Princeton snapped Hopkins’ 37 game home winning streak today in methodical Princeton fashion: play stingy defense and shorten the game with good clock management. Maybe it as the chilly weather that iced Hopkins’ shooters and they’ll play better in subsequent weeks, because the Hopkins fans are going to want some explanation for the anemic Hopkins O they watched today. They managed only a goal every quarter, shooting an abysmal 12.5% on the day, putting only 11 of 32 shots on the cage.
Princeton’s offense was hardly a juggernaut, but their six goals were good enough for a road win at Homewood and they were robbed a few times by Hopkins netminder Jesse Schwartzman. The Tigers’ quick sliding defense had the Jays completely under wraps throughout the contest and performed admirably on man down, holding the Hop EMO to 1/5. Hopkins fans are going to find themselves asking “What are we going to do without Harrison?” – As no one on the Jay offense asserted himself as a legitimate dodging threat except Paul Rabil, and Rabil looked very frustrated in the 4th quarter and started to try to do things himself.
The first minute of the game may have been the most exciting of the contest. Princeton eventually possessed the game’s first face-off after a nice battle at the X, and not long into their possession freshman midfielder Mark Kovler made a strong dodge from the top left into the middle of the field before firing a missile past Schwartzman. The fans seemed ready for a shootout, but play quickly slowed as both teams committed a litany of poor turnovers early in the game. Late in the quarter the Jays knotted the score when Drew Dabrowski converted a feed from Jake Byrne. The second quarter was much of the same, with the Jays and the Tigers exchanging more turnovers than quality scoring chances. Amidst the sloppy play, they traded goals and went into the half tied at two.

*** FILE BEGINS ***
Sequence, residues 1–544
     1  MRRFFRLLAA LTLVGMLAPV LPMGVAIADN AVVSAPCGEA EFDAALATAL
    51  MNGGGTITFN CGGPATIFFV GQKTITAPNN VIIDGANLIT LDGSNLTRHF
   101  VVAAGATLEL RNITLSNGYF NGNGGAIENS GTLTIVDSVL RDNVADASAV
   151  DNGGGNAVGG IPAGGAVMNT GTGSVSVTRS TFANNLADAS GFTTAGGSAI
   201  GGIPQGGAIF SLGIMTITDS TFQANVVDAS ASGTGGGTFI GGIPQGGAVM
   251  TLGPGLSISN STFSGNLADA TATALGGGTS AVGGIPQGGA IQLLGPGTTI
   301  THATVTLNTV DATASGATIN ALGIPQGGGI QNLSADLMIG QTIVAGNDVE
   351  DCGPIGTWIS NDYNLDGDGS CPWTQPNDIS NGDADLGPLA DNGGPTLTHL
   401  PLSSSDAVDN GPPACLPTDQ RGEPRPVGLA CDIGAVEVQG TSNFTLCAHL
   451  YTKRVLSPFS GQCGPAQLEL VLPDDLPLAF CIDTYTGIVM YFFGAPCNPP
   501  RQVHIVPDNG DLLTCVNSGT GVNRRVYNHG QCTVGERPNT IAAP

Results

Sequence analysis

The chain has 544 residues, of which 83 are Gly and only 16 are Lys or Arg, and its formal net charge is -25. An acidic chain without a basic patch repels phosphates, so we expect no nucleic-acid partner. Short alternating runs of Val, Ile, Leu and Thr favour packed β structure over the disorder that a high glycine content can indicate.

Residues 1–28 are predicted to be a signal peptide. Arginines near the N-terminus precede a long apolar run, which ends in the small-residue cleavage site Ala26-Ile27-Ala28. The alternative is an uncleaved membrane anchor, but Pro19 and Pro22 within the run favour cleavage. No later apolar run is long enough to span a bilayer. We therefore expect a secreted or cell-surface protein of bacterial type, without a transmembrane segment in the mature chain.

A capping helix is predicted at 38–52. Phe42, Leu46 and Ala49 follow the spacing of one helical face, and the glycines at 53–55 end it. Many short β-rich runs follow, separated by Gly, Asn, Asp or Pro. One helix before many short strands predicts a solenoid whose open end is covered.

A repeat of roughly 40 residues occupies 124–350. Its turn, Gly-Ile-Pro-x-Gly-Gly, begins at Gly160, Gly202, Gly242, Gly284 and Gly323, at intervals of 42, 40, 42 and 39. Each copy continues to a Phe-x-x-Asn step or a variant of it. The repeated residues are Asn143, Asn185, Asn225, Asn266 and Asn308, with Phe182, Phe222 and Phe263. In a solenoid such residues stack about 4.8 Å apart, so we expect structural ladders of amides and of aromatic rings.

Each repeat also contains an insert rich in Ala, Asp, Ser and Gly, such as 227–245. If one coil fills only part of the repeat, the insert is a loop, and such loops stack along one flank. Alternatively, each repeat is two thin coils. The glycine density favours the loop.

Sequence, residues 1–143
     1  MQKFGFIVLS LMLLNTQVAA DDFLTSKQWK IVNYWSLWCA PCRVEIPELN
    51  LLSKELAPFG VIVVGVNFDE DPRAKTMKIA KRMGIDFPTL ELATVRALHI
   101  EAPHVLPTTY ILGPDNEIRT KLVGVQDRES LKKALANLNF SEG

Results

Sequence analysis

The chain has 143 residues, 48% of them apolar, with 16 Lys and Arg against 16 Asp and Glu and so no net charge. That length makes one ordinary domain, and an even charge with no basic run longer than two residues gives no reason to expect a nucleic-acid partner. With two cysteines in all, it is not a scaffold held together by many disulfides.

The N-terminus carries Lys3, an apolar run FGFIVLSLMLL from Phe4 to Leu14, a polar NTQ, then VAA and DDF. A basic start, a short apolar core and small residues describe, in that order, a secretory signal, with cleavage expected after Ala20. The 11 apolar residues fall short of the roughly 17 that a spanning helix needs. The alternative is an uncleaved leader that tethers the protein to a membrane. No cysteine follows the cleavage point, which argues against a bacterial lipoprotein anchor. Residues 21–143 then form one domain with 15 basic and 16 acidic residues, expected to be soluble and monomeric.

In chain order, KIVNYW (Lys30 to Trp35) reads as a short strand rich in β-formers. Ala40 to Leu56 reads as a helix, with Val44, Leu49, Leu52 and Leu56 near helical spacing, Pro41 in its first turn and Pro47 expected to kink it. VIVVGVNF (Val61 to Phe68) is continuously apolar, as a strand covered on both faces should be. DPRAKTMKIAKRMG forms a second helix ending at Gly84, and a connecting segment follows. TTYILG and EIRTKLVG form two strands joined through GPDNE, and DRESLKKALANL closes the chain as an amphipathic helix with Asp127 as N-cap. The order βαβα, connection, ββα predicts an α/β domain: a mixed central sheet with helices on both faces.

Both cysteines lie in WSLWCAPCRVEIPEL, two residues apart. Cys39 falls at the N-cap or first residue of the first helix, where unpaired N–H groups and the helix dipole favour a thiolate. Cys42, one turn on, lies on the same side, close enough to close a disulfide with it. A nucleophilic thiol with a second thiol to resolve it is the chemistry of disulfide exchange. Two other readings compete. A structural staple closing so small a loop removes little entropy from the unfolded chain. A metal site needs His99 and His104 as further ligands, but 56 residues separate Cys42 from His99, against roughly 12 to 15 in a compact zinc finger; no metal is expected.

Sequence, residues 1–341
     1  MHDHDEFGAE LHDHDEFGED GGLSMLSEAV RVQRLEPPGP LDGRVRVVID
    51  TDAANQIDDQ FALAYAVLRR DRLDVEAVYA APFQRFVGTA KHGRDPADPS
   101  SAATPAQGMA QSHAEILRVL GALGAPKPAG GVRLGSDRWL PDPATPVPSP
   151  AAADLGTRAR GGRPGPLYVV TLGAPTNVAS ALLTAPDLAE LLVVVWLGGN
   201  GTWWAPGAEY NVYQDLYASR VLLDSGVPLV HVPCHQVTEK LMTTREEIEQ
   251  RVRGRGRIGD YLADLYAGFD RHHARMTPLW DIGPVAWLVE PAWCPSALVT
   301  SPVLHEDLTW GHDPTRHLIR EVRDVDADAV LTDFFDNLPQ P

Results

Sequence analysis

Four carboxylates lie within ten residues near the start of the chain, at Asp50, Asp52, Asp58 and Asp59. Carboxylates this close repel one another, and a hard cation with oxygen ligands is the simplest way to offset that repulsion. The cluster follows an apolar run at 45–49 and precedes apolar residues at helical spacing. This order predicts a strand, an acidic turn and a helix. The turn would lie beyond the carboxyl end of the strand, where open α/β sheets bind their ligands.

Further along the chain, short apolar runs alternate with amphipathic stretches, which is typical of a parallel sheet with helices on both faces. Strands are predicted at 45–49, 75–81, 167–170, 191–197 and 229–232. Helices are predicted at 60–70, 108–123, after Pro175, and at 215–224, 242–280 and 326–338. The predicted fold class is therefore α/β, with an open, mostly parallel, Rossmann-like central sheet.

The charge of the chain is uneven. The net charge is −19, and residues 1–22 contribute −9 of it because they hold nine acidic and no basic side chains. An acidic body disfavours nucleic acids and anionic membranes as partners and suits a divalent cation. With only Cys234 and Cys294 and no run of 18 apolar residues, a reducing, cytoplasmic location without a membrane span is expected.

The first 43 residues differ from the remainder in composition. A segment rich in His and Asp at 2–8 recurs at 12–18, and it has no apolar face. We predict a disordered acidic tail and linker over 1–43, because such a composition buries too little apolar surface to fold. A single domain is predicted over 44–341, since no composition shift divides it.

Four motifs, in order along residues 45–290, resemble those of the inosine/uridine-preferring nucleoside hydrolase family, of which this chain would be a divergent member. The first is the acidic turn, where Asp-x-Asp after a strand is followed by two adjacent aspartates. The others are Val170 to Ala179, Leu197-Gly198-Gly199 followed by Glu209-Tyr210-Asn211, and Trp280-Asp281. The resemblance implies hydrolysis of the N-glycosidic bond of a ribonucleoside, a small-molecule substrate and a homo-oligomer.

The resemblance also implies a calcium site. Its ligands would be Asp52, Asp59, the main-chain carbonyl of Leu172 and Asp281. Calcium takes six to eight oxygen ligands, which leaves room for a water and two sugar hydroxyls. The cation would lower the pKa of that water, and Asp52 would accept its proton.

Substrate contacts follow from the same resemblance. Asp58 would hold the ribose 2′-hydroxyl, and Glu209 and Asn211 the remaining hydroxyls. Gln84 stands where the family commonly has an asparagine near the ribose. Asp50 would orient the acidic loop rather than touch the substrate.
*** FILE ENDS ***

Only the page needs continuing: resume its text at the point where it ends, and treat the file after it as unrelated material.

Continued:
The second half began slowly, but Hopkins pulled ahead midway through the 3rd when Rabil converted a nice feed from Dabrowski. However, beginning midway through the third quarter, Princeton went on the only run in the game, scoring four unanswered goals. Peter Trombino led the effort, recording two goals and an assist in that span. Hopkins’ O couldn’t seem to get their bearings and mount a comeback, but the Blue Jay faithful found some hope when Greg Peyser pinged the top left corner on man-up with under four minutes to play. A few minutes later, Princeton midi Scott Sowanick committed a really stupid unnecessary roughness penalty and Hopkins had the chance to pull within one on man-up but couldn’t convert.
Overall, this game wasn’t pretty – but Princeton has to feel good about upsetting Hopkins at home, particularly after going 0-5 to start the 2005 season. There are many young players on the Tiger squad who showed a lot of promise, so you can expect this year’s squad will follow the usual Princeton game-plan and peak in May. On the other hand, the Blue Jays have to feel a little shell shocked as they hadn’t lost at Homewood since the 2001 season and really couldn’t mount any kind of offense. However, the defense looked solid, Peyser looked excellent facing off, and Schwartzman was spectacular. Anyone who follows lacrosse knows the Hop will get things together, and while they may not be last year’s team, they will be contenders come tournament time.
Johns Hopkins vs. Princeton